The New Retirement: A podcast

Sadly, there is no rule book to see us through retirement, but it would certainly be nice, yes?

A while back, I wrote a blog article about the fact that I was struggling with retirement. A short time later, I was contacted by a lovely man named Joe Casey, who runs a podcast called The New Retirement. Joe’s program doesn’t delve into the financial aspects of retiring, which of course are important, but are not the only things you should consider. Instead, Joe focuses on our emotional responses to this life change.

I retired from full-time teaching and sports officiating a few years ago, and I wish I’d talked to Joe sooner, because then I would have understood the transition a bit better. As he points out so succinctly, there is no rulebook for retirement.

“Now picture yourself on your first day of retirement, the next phase of your life,” Joe says on his webpage. “Your hopes and dreams. And your concerns. But there’s no Orientation this time. You’re on your own. Retirement today doesn’t come with a template or a roadmap. Each one is different – and that means it’s wise to invest some time in designing your life in retirement.”

Like the roadrunner in the cartoon, we run hard, then often come to a screeching halt when we hit retirement.

The important word is your retirement, because there is no one-size fits-all approach. We have spent our working lives running from obligation to obligation, doing our best to fit in all our daily responsibilities. Then we retire, which kind of reminds me of the roadrunner in the Wily E. Coyote cartoon sliding to a full stop in a swirl of desert dust. Like the goofy bird, many of us stand there with no idea what happens next.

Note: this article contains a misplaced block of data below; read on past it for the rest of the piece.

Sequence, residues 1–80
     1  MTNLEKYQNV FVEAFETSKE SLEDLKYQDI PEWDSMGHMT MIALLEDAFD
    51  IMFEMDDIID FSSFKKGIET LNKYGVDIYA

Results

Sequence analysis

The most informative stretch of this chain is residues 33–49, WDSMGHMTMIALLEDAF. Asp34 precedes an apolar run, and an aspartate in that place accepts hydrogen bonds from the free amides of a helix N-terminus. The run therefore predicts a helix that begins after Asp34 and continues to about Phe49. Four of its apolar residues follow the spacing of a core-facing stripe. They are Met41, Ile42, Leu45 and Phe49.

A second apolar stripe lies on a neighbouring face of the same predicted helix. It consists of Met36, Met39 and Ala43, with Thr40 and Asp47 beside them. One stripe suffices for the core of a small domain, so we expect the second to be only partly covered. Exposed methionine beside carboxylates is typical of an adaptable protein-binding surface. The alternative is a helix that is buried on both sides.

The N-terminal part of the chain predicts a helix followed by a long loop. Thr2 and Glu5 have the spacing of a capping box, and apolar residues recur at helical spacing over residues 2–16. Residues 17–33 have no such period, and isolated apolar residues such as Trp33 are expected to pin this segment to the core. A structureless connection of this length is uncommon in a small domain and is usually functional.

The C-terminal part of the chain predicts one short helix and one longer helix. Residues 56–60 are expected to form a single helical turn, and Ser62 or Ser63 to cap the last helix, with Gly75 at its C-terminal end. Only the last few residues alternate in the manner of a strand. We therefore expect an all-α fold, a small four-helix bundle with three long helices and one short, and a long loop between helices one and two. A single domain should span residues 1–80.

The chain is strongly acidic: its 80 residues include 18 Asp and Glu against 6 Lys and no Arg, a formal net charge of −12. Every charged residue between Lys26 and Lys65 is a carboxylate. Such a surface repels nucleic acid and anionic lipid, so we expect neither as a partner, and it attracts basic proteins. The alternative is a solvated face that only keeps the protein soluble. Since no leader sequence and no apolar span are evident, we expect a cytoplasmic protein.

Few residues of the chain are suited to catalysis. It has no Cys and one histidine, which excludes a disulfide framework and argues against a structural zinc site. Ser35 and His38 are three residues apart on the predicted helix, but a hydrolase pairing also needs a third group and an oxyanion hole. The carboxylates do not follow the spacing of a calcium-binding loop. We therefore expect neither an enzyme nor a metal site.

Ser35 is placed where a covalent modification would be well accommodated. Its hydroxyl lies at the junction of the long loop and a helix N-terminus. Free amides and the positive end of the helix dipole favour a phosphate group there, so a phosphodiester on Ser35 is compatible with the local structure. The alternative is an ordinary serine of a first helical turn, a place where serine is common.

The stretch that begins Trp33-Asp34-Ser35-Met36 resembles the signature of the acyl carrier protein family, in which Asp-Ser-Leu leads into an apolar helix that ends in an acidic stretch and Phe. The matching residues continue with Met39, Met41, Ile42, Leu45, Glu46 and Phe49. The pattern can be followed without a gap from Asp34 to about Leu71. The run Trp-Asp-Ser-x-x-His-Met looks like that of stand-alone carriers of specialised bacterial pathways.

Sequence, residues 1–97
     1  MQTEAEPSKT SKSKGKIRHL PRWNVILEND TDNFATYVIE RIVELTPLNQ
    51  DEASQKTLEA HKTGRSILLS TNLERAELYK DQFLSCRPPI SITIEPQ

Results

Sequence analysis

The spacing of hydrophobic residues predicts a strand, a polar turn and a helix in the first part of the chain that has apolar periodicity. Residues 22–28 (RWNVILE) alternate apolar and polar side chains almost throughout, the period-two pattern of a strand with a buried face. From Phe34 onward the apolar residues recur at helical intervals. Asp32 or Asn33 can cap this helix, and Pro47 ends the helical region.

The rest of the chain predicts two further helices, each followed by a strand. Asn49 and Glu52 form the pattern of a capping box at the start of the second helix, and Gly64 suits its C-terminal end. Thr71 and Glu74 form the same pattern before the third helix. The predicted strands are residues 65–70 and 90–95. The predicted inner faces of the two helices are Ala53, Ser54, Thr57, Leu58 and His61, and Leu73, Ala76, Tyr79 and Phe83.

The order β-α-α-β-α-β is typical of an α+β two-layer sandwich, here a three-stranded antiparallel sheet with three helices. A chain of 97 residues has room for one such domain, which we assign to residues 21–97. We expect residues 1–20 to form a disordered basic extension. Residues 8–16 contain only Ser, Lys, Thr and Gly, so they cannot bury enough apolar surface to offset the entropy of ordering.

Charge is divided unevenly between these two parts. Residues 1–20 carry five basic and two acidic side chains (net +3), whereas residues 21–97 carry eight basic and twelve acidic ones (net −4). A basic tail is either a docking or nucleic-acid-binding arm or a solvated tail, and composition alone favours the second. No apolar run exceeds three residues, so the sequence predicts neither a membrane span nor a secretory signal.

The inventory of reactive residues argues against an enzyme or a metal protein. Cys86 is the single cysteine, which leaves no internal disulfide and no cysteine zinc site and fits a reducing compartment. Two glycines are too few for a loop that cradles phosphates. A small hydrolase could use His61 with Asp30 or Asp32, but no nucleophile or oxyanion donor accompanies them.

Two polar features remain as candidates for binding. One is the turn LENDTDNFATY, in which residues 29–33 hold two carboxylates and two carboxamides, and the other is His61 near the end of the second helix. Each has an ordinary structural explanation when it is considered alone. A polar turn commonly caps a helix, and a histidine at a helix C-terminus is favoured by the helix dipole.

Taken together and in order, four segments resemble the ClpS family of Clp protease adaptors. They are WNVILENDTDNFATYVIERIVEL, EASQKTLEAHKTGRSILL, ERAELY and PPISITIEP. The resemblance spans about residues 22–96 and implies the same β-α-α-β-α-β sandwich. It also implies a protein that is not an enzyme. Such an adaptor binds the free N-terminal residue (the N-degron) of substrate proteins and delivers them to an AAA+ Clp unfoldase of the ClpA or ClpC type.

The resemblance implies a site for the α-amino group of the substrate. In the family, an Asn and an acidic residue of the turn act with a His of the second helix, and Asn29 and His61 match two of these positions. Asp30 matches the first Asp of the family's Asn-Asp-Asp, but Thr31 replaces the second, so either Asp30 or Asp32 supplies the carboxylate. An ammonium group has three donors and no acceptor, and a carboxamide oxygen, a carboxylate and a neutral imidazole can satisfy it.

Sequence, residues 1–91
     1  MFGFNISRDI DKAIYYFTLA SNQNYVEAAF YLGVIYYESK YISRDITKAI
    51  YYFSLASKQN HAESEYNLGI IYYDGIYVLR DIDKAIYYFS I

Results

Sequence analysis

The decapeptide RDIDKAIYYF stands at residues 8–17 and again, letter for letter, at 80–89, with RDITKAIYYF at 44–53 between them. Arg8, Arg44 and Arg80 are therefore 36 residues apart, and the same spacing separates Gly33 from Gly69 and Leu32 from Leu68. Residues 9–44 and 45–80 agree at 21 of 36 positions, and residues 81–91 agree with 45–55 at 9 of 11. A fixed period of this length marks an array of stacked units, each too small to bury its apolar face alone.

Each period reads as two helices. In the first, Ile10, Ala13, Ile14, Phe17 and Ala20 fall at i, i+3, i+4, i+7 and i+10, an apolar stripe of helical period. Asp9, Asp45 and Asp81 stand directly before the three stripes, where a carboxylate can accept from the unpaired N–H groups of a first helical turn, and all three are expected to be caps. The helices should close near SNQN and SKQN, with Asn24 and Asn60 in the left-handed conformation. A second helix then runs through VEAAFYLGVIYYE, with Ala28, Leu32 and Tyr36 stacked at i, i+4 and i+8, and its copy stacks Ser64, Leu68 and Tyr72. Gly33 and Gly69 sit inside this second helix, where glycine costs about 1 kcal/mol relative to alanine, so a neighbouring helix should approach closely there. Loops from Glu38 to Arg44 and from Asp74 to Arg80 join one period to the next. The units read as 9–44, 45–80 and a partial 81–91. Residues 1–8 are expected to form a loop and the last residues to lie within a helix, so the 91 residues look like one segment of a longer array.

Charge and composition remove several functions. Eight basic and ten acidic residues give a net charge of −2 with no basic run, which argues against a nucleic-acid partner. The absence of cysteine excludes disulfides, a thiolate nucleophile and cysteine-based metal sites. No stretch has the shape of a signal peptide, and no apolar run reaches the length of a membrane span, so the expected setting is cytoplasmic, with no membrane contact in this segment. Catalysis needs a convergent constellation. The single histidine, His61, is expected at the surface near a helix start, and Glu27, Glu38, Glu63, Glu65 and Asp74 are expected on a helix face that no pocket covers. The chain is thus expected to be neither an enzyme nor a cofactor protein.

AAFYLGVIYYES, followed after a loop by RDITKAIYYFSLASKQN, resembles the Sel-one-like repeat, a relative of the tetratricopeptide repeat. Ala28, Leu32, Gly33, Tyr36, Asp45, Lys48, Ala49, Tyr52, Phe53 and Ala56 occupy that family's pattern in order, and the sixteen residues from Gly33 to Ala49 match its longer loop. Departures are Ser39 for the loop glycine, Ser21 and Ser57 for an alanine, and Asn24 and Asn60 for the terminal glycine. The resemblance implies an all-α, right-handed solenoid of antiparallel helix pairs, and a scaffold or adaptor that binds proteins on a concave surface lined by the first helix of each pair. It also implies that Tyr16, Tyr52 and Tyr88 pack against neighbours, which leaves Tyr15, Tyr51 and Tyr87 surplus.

Joe explained that many people fear boredom most of all. It’s really important, then, that we retirees identify and practice things we enjoy doing and that we have events we can look forward to. We need to be curious and ask ourselves what gives us joy. Retirement is also the perfect time to volunteer. We have all those valuable skills we developed in our work lives which can now be used to make the world a better place.

The most important thing to remember is that work is something we do. It’s not who we are.

I was delighted when Joe invited me to join him on his podcast. Perhaps you’d like to take a listen.


The past and present collide when a tenacious reporter seeks information on an eleventh century magician…and uncovers more than she bargained for.


Anne Montgomery

Historical Fiction/Suspense

TouchPoint Press

February 2, 2022

In 1939, archeologists uncovered a tomb at the Northern Arizona site called Ridge Ruin. The man, bedecked in fine turquoise jewelry and intricate bead work, was surrounded by wooden swords with handles carved into animal hooves and human hands. The Hopi workers stepped back from the grave, knowing what the Moochiwimi sticks meant. This man, buried nine hundred years earlier, was a magician.

Former television journalist Kate Butler hangs on to her investigative reporting career by writing freelance magazine articles. Her research on The Magician shows he bore some European facial characteristics and physical qualities that made him different from the people who buried him. Her quest to discover The Magician’s origin carries her back to a time when the high desert world was shattered by the birth of a volcano and into the present-day dangers of archeological looting where black market sales of antiquities can lead to murder.


Review/interview requests:

Available where you buy books.

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